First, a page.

Yellow Mug: 200 ppm lead
Blue Mug: non-detect for lead.
No mark or maker
At my friend Nancy’s house. She loves “yard-sailing”!
This is one of several posts where I will share very little information and really focus on the photos and the XRF Test results. If you have an interest in learning more about these posts (likely because you are new to my site!) please check out this post and this post for a start! Thanks for visiting!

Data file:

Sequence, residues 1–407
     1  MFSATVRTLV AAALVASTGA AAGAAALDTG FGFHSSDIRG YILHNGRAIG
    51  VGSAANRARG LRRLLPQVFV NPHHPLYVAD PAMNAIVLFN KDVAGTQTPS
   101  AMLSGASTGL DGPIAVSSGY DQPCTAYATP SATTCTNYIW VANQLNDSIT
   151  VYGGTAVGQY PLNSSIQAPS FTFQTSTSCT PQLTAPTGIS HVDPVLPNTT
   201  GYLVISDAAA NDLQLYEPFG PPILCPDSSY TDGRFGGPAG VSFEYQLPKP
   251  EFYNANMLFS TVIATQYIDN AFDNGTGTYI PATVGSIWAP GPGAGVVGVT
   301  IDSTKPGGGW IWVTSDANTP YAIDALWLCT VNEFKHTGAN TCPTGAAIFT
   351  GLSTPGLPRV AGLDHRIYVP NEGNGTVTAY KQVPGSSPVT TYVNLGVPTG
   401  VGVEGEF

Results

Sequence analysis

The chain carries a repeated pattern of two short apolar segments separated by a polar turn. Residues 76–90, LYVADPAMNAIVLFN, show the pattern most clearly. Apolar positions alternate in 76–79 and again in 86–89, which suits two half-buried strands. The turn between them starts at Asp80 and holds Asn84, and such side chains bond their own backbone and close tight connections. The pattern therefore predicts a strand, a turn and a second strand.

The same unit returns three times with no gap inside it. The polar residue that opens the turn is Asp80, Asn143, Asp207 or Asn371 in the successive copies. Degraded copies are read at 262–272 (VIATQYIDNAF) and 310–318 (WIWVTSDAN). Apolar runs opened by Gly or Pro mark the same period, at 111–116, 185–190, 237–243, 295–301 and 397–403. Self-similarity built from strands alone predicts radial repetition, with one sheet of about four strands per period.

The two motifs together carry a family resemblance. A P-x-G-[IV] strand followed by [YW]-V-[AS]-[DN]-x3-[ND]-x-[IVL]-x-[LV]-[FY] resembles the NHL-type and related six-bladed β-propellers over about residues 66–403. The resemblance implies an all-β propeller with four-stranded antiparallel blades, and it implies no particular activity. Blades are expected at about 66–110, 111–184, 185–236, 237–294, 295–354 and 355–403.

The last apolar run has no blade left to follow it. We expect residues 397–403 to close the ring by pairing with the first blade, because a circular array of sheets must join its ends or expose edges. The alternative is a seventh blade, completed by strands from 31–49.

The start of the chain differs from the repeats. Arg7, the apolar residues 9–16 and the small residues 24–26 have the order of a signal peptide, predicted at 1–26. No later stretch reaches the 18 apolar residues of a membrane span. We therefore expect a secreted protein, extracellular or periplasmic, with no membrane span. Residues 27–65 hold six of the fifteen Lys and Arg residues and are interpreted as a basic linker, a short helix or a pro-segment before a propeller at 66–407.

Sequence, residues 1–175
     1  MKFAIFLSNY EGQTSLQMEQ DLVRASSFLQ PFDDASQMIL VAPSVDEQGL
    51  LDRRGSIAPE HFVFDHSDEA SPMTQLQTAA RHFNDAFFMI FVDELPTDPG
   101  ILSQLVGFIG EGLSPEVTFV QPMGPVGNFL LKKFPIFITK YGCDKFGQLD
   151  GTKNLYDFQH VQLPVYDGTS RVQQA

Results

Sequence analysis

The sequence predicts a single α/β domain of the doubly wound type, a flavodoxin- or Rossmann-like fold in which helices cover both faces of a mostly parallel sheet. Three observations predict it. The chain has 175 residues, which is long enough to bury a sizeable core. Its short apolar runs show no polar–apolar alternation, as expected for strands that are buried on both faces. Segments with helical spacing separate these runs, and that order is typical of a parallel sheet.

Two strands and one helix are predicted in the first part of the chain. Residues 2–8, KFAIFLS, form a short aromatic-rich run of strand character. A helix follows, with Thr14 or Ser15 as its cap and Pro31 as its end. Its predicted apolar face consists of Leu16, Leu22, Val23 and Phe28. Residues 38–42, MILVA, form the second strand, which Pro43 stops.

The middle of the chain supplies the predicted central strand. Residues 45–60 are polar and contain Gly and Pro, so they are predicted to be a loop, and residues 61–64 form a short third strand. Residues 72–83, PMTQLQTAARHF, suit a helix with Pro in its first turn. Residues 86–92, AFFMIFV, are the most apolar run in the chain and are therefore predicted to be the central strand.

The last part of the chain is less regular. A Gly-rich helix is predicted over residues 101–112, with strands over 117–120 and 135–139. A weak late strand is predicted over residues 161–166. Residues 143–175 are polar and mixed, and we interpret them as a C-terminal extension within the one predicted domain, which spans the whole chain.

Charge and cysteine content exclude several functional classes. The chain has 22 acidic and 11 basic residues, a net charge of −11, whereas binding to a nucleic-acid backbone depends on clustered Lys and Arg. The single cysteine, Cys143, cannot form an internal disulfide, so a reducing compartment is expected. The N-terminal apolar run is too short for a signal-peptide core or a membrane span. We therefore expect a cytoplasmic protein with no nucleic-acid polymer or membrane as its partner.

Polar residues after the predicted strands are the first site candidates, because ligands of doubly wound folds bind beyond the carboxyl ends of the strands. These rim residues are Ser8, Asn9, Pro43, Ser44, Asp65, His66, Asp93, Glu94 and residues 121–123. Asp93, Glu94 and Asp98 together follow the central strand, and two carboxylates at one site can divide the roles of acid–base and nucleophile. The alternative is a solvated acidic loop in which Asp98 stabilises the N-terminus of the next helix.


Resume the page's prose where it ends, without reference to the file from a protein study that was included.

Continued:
Note: I am not saying that any of these dishes will poison you (I rarely say something like that! – with colorful vintage Pyrex and any vintage Franciscan dishware being at the top of my #BeConcerned list.) However I am saying that most dishware is not regulated (and not tested) for total lead content (as measured with an XRF) and IF we can choose lead-free dishware, why wouldn’t we? For context: the amount of lead that is considered unsafe for an item intended for children (by today’s modern standards and regulations for newly manufactured goods) is anything with a lead level of 90 ppm or higher. As a result I think it’s a reasonable goal to look for (and choose for our homes) dishware that tests negative for lead (or at least at levels below 90 ppm lead.)